How can fans keep up to date with your latest news and developments?
Rosalie: Through our social media, you can find us on our individual Facebook and Twitter pages, and our Balsamo Deighton ones.Come and say Hi!

  • Balsamo Deighton’s new album Unfolding is available now. Visit for details.
  • Andy Howells is a freelance entertainment writer. A version of this Q&A was published in the South Wales Argus entertainment supplement the Guide on February 5, 2016.

Tuesday, 2 February 2016

Meet The Band: GoGo Penguin

Manchester based trio GoGo Penguin (drummer Rob Turner, double bassist Nick Blacka and pianist Chris Illingworth) bring their trademark mash-up of minimalist piano themes, deeply propulsive bass lines and electronica-inspired drums to Cardiff's The Gate Arts Centre on February 6.

The band have previously been shortlisted for the Mercury Prize and fueled their exhilarating live shows from Manchester to Montreal and Paris to London. They’ve written and performed a new score for Godfrey Reggio’s cult film Koyaanisqatsi and collaborated with noted choreographer Lynn Page for a Gilles Peterson-curated night at the Barbican.

Ahead of the release of their new album Man Made Object on February 5, Chris Illingworth chats to Andy Howells.

How did you get into playing music?
We had one of those old electric organs in the house when I was a kid. No one in the family played a musical instrument so I'm not sure where it came from or why we had it, but I started messing about making tunes on it. My parents thought it would be good for me to try some lessons so when I was 8 I started studying piano and have been playing ever since. I studied classical piano right through to graduating from the RNCM and for ages I wanted to be a classical pianist, but there was always a part of me that wanted to do something different. I started my first band when I was 11, I was on bass guitar and we played covers of tunes by bands like Nirvana and Smashing Pumpkins. Not long after that I started a piano trio and that's when I knew what I really wanted to do.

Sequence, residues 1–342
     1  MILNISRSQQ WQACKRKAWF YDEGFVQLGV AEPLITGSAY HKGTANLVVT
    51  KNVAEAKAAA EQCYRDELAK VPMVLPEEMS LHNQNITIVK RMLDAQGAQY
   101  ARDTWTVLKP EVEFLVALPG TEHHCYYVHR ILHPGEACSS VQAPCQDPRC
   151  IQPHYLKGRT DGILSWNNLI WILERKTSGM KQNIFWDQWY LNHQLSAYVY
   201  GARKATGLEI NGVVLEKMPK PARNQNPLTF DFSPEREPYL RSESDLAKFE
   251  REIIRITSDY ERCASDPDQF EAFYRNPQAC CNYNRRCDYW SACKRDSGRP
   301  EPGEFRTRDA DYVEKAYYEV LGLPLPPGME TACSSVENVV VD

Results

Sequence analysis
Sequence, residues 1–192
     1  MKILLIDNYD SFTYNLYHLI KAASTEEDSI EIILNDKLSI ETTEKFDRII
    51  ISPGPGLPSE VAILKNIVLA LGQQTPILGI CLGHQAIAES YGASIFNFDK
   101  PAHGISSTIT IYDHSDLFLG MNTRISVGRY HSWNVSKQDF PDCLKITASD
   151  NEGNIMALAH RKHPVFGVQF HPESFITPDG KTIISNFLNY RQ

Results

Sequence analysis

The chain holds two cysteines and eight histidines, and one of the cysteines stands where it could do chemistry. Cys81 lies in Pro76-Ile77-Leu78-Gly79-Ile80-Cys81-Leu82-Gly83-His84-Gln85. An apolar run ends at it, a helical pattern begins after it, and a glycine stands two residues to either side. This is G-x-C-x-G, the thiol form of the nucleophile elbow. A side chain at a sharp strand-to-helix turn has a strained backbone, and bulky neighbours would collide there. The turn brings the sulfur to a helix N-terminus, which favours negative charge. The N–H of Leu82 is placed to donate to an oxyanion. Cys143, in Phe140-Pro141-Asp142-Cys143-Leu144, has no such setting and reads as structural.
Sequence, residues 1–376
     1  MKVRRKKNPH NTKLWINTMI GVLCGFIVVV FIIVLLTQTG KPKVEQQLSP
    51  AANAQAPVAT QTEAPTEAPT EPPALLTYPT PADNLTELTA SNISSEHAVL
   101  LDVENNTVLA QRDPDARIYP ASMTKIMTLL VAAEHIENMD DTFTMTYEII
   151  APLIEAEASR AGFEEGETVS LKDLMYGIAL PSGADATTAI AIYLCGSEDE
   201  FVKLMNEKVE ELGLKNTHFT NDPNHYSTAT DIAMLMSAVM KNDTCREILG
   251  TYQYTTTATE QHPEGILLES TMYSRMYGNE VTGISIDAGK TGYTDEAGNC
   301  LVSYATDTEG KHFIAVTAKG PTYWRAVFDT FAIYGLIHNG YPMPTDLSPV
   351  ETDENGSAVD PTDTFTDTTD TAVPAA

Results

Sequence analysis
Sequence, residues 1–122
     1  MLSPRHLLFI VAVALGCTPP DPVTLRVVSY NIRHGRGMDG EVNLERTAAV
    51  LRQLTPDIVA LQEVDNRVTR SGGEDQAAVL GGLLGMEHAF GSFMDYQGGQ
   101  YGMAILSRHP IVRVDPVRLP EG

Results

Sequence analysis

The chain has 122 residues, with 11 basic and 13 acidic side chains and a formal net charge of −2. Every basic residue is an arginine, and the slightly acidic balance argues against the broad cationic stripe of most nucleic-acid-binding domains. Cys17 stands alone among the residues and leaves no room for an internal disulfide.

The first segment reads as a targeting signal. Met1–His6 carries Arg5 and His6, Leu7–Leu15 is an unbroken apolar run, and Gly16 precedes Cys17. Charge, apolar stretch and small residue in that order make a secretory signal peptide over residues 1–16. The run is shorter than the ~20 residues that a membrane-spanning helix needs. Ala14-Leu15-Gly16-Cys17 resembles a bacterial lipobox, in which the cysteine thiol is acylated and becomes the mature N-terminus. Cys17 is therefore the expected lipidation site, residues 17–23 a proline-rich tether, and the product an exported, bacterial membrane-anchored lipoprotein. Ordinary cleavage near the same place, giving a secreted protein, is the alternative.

How would you describe your music style? And what are the major influences on the band’s sound?
Describing our style is a tough one. We all have different musical backgrounds and bring different elements to the group and we draw influences from all over so it's hard to pin down. Our music has often been called 'Acoustic Electronica' and that's a pretty fair description. We're an acoustic trio - piano, bass, drums - but we draw a lot of influence from electronica, particularly in the way electronica itself draws influence from many styles and genres.

You are about to embark on a UK headline tour, how are you preparing for that and what can people expect from your shows?
We finished a tour of France just before Christmas so now that we've had a bit of a break over the holidays we're getting back into rehearsals and building up stamina ready for the UK shows. Our new album is out on the February 5 so we'll be playing the new tracks on these gigs along with some of our older material. If you want a bit of a taster you can find some live videos on our website.

Your new album will be released later this year, can you tell us a bit more about it? How will it differ from the previous albums?
As with the previous albums, our new album Man Made Object is just a snapshot of who we are right now. We're always pushing ourselves and the limits of what we can do with our instruments as a band and this is a continuation of that process. There are definitely similarities between this album and v2.0 - we haven't suddenly become a completely different band - but there are differences, sometimes in the way we approached the composition of the music, the way we improvise within the tracks and we played around more with effects, both electronic and acoustic. We've done a lot of gigging together since v2.0 and that has definitely played a role in shaping the form and sound of the new album.